In the West, support for Ukraine is waning - Hindustan Times
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In the West, support for Ukraine is waning

Dec 09, 2023 10:12 PM IST

For now, Putin is forced to play a long game, where he believes he can outlast the West. That confidence is in shorter supply in the US and even inside Ukraine

When Russia invaded in February 2022, the courage, determination, and skill of Ukrainian fighters quickly captured the imaginations of Europe and the United States. Once Russian forces were forced to abandon plans to win a decisive victory, Western leaders moved to help Kyiv. From the beginning, US and European officials worked hard to avoid an expansion of the war to bring NATO into direct conflict with Russia, but Western military, financial, and humanitarian assistance began to flow in increasingly impressive volumes.

FILE - An armored personnel carrier burns and damaged Russian light utility vehicles stand abandoned after fighting in Kharkiv, Ukraine, on Feb. 27, 2022. Vladimir Putin on Friday Dec. 8, 2023 moved to prolong his repressive and unyielding grip on Russia for another six years, announcing his candidacy in the 2024 presidential election that he is all but certain to win. (AP Photo/Andrew Marienko, File)(AP) PREMIUM
FILE - An armored personnel carrier burns and damaged Russian light utility vehicles stand abandoned after fighting in Kharkiv, Ukraine, on Feb. 27, 2022. Vladimir Putin on Friday Dec. 8, 2023 moved to prolong his repressive and unyielding grip on Russia for another six years, announcing his candidacy in the 2024 presidential election that he is all but certain to win. (AP Photo/Andrew Marienko, File)(AP)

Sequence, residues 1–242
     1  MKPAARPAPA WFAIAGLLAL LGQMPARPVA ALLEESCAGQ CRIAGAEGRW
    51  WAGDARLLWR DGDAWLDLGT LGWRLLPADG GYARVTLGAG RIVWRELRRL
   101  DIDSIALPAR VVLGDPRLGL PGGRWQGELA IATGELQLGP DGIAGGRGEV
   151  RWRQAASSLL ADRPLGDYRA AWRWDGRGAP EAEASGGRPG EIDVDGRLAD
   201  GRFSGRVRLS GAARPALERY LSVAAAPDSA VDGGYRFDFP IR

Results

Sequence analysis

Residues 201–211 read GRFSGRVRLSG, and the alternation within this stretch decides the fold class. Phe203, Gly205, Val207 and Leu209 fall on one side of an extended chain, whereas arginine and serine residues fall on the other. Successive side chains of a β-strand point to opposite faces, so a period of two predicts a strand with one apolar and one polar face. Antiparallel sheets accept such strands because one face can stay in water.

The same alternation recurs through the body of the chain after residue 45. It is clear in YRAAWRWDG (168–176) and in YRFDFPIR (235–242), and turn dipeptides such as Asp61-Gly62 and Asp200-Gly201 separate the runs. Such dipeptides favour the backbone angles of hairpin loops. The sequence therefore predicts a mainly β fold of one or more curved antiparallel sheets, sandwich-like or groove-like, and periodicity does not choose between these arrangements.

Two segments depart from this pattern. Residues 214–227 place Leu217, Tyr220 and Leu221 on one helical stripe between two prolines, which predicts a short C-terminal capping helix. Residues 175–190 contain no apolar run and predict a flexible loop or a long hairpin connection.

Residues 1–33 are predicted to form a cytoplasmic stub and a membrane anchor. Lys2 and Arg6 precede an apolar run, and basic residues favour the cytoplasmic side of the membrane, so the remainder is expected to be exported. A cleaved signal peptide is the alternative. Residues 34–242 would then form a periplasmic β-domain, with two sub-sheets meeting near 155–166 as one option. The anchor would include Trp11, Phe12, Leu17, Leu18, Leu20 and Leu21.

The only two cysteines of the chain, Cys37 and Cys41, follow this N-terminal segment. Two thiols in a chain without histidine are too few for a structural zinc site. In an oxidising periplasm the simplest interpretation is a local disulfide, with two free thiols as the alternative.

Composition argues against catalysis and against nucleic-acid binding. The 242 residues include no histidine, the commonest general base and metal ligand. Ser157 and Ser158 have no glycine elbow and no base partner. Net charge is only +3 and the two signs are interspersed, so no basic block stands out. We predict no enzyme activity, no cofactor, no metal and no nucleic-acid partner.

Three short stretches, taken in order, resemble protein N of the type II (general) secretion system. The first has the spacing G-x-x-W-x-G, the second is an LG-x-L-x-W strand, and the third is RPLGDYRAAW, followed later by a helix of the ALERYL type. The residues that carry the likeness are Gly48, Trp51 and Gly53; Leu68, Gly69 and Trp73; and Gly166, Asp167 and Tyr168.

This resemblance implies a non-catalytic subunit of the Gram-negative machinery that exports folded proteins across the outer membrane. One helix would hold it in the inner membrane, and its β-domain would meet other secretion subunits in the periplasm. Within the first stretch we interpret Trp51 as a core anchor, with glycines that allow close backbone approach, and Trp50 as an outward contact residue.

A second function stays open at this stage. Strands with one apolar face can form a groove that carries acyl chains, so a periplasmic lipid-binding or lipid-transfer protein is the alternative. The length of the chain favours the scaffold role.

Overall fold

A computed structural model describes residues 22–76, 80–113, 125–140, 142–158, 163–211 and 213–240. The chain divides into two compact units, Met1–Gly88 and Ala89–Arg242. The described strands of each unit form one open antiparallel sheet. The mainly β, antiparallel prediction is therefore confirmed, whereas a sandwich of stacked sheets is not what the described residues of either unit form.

But 21 months of war have now made clear that Ukraine can’t post a quick victory either. Russian forces still occupy about 18% of Ukraine’s territory, and though threats to other parts of the country have been limited to missile and drone attacks, Ukraine’s much-anticipated counteroffensive has failed to change the war. In occupied Ukraine and Moscow, Russians have dug in for a war of attrition that Putin believes his forces are better equipped than Ukraine to endure.

This reality has raised new questions in America and Europe about just how long they can afford to help. Though Western leaders can see that Putin has little current incentive to bargain with Zelensky, they’ve begun to push privately for an opening of talks. In the US, a growing number of conservative Republicans have adopted the isolationist views of Donald Trump, their party’s likely 2024 presidential candidate, that Ukraine is taking advantage of gullible Biden administration officials and beleaguered American taxpayers. In addition, many Republican lawmakers see Ukraine aid as a legislative bargaining chip they can use to force Democrats to make concessions on other issues. And given Trump’s well-known scepticism of the value of US alliances in general and of NATO in particular, continued military and financial aid for Ukraine will be a flashpoint in next year’s US elections.